Almost two years ago, while watching a YouTube video of Mohammed Fairouz’s “Tahrir for Clarinet and Orchestra,” Neal Brostoff, a visiting lecturer in Jewish music history at UCLA, had an idea. The concerto sounded “surprisingly Jewish,” he thought, and not just because the soloist was the eminent klezmer clarinetist David Krakauer.
Opera director Barrie Kosky didn’t like Mozart’s “The Magic Flute” when he first saw it at age 10. Mozart’s Singspiel — a genre of opera characterized by spoken dialogue, along with singing — was a big hit in 1791, and the composer himself goofed around on stage during some of the performances. Ideally, given its broad comedy and fantastical characters, the opera should be able to engage kids.
On Nov. 9, music by Samuel Adler, Steve Reich, Arnold Schoenberg and Eric Zeisl will observe the 75th anniversary of Kristallnacht as part of the enterprising Jacaranda concert series.
When the Israel Philharmonic Orchestra (IPO) performs Vivaldi’s evergreen “The Four Seasons” at a benefit at the Beverly Hills Hotel on Oct. 30, the orchestra won’t be made up of its 100-plus players.
The 1976 premiere of “Einstein on the Beach” shook audiences up, recalling the shock at Stravinsky’s “The Rite of Spring” in 1913. There was something incomprehensible, even infuriating, about Philip Glass and Robert Wilson’s “Einstein,” but in spite of that — or perhaps, in part, because of it — the work became a landmark, challenging and enlarging traditional ideas and conventions of opera, theater and dance.
In 1920, Paul Frankenburger was 23 and an up-and-coming German conductor and composer. For the next four years, he assisted two of the greatest conductors of the 20th century, Bruno Walter and Hans Knappertsbusch, but by 1933, the Nazis had forced him to immigrate to Palestine. At 36, he had to start over.
“Energy is eternal delight,” the poet William Blake said, and klezmer music proves his point. For centuries throughout Jewish Eastern Europe, rhythmically high-strung klezmer bands, which often featured a virtuoso violinist and clarinetist trading licks, were a provocation to dance. They could also make brides weep at the drop of a yarmulke.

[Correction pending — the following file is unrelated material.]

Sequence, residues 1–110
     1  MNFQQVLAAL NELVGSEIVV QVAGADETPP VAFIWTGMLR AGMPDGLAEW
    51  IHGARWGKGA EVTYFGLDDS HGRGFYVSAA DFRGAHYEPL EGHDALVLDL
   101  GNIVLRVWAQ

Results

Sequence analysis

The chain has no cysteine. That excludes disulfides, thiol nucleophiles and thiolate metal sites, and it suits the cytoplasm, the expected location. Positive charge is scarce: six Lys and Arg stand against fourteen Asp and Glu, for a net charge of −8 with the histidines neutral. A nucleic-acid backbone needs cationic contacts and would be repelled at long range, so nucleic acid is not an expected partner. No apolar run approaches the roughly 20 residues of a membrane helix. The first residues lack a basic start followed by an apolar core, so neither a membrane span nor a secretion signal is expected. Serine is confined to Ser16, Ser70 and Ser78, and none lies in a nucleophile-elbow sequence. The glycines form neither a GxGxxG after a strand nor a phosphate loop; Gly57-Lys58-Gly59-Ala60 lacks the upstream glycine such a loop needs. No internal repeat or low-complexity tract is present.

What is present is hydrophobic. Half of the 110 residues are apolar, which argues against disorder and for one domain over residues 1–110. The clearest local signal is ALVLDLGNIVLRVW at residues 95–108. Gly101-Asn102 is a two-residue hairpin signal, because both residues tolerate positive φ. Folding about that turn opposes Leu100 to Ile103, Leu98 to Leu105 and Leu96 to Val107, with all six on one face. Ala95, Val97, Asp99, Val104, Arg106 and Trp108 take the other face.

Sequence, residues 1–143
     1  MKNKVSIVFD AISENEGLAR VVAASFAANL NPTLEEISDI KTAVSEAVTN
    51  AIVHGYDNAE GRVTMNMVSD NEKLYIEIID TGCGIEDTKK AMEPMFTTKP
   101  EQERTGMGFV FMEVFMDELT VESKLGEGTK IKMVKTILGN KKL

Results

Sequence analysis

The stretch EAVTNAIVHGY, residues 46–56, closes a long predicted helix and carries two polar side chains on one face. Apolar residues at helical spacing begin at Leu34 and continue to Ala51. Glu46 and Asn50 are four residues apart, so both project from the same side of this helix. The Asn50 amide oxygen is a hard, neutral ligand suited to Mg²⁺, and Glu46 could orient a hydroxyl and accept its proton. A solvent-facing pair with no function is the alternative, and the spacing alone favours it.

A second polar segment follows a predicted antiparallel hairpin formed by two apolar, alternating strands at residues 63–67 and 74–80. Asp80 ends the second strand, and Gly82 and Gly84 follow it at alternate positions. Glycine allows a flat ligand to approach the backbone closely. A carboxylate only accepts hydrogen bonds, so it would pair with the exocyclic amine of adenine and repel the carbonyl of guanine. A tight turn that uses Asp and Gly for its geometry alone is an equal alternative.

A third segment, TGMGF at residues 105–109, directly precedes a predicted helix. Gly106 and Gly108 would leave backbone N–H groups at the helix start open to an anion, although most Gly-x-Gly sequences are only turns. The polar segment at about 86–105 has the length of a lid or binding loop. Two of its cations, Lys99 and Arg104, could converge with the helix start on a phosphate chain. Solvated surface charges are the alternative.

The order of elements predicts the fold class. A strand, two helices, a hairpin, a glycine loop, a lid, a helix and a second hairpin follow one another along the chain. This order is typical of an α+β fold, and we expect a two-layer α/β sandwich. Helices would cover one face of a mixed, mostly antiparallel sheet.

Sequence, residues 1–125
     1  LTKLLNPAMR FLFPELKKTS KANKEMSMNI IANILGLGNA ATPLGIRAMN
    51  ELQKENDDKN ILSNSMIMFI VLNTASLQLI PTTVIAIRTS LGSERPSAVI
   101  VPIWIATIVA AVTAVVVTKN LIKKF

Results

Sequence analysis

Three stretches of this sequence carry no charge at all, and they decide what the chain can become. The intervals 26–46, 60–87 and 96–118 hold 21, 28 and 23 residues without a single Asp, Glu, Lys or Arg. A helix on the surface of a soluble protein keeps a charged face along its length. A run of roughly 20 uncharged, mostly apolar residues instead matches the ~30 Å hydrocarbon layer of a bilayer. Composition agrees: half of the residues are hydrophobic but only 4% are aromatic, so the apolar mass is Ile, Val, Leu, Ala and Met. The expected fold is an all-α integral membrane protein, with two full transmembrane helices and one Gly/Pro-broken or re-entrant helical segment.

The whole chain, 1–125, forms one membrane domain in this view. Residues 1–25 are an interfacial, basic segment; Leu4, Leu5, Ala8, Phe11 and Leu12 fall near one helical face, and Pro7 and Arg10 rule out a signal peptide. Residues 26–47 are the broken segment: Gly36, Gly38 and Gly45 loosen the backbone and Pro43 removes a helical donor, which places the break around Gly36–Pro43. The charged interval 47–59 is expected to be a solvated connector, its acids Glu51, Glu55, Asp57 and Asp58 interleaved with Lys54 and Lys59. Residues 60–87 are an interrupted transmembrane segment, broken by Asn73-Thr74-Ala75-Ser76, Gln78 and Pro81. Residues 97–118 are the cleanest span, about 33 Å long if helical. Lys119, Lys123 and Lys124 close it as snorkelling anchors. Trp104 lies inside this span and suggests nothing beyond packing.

Ernest Bloch, the renowned 20th century Swiss-born American composer, wrote just one opera, “Macbeth,” and it has rarely been produced in the United States since its 1910 Paris premiere.
Speaking by phone from Montreal, Israeli-born cellist Matt Haimovitz revealed that he’s a great admirer of the American singer Nina Simone. Looking at his life and career, one can easily see why. Like Simone, Haimovitz is admired for his solid classical grounding, eclecticism, improvisatory brilliance and the fact that he defies easy classification.
Gil Shaham does his most eloquent speaking with his violin, but as a recent interview by phone from his home in New York revealed, he’s not a bad singer either.
Cellist Alisa Weilerstein grew up in a thriving Jewish community in Cleveland, where before she became a bat mitzvah, she had already made her debut at age 13 with the Cleveland Orchestra.
The old theater saying that there are no small parts, only small actors, can also be said for opera. Just ask Australian bass Joshua Bloom, who was in town last month to begin rehearsals as Masetto for the Los Angeles Opera production of Mozart’s “Don Giovanni.” The opera’s seven performances run Sept. 22 through Oct. 14 at the Dorothy Chandler Pavilion.
Film composers who venture into the hallowed domain of the concert hall are sometimes greeted with raised eyebrows. Maybe that’s why film-music scholar Jon Burlingame called movie scores a “much-maligned stepchild of 20th-century composition.” Yet for English composer and conductor Benjamin Wallfisch, the differentiation has never been a problem.
When Yefim Bronfman performs Brahms' Second Piano Concerto with conductor Lionel Bringuier and the Los Angeles Philharmonic at the Hollywood Bowl on July 31, he will be tackling what is known as a real "finger buster," a term used for a work that is awkwardly conceived for a pianist's hands or physically demanding. The Brahms concerto is both.
Among the pleasures of the summer music season is the annual iPalpiti Festival of International Laureates, now in its 15th year. iPalpiti (the name translates loosely as "the heartbeats") is a string orchestra of 28 young professionals from Israel, Tatarstan, Azerbaijan, Norway and 14 other countries. Thirteen concerts are being performed in the Los Angeles area through July 29, but the grand finale at Walt Disney Concert Hall (July 28) has, over the years, become a much-anticipated gala-style affair.